WASHINGTON, Sept. 3 (UPI) -- Declare it in the pages of the Strand! Lament in the streets of PBS Mystery! Nero Wolfe is dead! At least, the splendid cable TV series devoted to his exploits is.
We praised "Nero Wolfe" in these columns a year and a half ago when the series, starring Maury Chaykin as the eponymous 350-pound Montenegrin-Manhattan sleuth and Timothy Hutton as his wisecracking private eye amanuensis Archie Goodwin appeared. Arts and Entertainment network energetically promoted the show and ratings at first were robust, certainly healthy enough to warrant a second series. But then the ratings bombed to 1.9 million for a new show. And last week, A&E pulled the plug.
Yet at the same time "Nero Wolfe" crash-dived, another, remarkably similar detective series on the rival USA Network went from strength to strength. "Monk," starring Tony Shalhoub, opened to record strong cable ratings and has maintained most of them. Indeed, it proved so popular that the sister national ABC network ran several episodes in a key prime time slot at 9 p.m. on Tuesdays during the summer months and they performed robustly too. "Monk" is a sure thing to be renewed for its second season. And it deserves to be. But why did it succeed, and "Nero Wolfe" fail?
The question reveals the awful, unpredictable vagaries of the gods of the prime time ratings. For the two series are remarkably similar.
Both of them follow in the great Peter Falk "Colombo" tradition of witty, intelligent and almost non-violent TV detective shows. Both of them have colorful heroes who are as unphysical as it is possible to be. "Nero Wolfe" is a period piece, set in Manhattan of the late 1940s to early 1950s. "Monk" is set in contemporary San Francisco.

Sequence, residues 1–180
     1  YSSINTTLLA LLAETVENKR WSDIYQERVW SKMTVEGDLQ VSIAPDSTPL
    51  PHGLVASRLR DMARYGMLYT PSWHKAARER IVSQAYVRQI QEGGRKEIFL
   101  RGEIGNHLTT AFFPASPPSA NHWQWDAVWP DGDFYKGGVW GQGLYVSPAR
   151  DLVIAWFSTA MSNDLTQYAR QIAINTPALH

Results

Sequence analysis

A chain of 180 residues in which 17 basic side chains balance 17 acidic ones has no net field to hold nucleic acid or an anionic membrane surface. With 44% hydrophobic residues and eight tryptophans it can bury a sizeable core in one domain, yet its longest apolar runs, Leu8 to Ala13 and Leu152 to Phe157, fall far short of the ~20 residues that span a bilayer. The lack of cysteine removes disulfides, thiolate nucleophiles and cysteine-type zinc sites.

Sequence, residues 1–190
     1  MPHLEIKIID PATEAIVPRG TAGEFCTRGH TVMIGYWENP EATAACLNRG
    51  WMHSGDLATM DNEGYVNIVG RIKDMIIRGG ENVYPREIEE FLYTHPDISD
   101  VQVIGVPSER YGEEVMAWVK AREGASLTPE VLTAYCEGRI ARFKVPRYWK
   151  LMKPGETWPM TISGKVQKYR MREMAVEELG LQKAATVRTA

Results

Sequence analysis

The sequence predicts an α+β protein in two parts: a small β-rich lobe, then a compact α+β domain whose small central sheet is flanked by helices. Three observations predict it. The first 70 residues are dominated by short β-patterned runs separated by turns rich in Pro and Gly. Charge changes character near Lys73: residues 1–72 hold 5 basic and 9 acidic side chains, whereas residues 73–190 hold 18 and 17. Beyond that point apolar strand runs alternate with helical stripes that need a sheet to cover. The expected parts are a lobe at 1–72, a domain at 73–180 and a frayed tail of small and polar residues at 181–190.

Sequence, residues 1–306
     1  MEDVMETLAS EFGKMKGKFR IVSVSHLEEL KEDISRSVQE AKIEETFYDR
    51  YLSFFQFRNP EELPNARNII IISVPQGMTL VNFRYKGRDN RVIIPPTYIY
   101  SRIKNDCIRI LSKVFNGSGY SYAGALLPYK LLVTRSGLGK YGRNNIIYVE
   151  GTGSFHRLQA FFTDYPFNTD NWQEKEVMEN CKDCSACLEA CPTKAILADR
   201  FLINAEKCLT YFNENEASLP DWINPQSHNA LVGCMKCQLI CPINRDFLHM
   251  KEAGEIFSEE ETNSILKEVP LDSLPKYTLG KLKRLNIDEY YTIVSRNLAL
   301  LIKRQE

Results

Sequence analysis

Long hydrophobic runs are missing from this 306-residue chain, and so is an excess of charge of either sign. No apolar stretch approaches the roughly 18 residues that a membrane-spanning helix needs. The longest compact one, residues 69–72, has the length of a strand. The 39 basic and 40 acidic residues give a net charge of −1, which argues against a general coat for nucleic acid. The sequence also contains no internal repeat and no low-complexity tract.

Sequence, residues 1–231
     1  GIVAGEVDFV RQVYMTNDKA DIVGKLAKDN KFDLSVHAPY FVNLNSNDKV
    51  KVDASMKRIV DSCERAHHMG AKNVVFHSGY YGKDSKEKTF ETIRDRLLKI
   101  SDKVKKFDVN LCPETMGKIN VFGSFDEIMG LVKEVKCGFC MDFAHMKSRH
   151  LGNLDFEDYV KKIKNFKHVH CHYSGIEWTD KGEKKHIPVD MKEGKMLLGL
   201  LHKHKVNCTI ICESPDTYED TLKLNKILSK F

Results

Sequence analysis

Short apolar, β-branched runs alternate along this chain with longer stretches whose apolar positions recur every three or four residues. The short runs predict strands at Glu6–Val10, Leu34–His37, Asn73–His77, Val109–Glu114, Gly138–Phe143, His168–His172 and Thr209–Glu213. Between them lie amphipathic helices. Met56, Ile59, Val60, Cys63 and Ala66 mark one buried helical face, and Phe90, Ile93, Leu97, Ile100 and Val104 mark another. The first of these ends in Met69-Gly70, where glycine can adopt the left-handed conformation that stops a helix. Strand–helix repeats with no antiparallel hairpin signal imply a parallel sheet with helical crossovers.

Nero Wolfe himself weights between one-sixth to one-seventh of a ton. He almost never leaves his haven, his home brownstone with the seven-step stoop in midtown Manhattan. He has a screaming, gesticulating, and inept official police foil, Inspector Cramer, splendidly played by Bill Smitrovich. And he has a smart, sexy and street-wise private eye to do his legwork: Archie Goodwin, played to perfection by Hutton.
Adrian Monk also only leaves his haven, a much more modest Bay Area apartment, with exceptional reluctance. He too has a screaming, gesticulating, ineffectual police foil in Capt. Leland Stottlemeyer, splendidly played by Ted Levine. And he has a smart, sexy, streetwise lady nurse to do his legwork -- Sharona Fleming, played to perfection by Bitty Schram.
"Commentary" jazz critic Terry Teachout, in a perceptive review in a recent National Review, noted that Wolfe, as played by the excellent Chaykin, has the haunted eyes of a man who has seen -- and knows -- too much. Qolfe appears to have been traumatized by his experiences as a teenage Montenegrin patriot soldier in World War I. Monk was traumatized by the murder of his beloved wife in a booby-trapped car. Now he is a "defective detective" who has phobias about literally everything.
Just as we know Nero Wolfe will melt down in hysterical mania if his five-course lunch is delivered without exactly the right sauce and wine, we also know that Adrian Monk will shake himself to a frenzy if anyone carelessly discards a used tissue on the floor in front of him.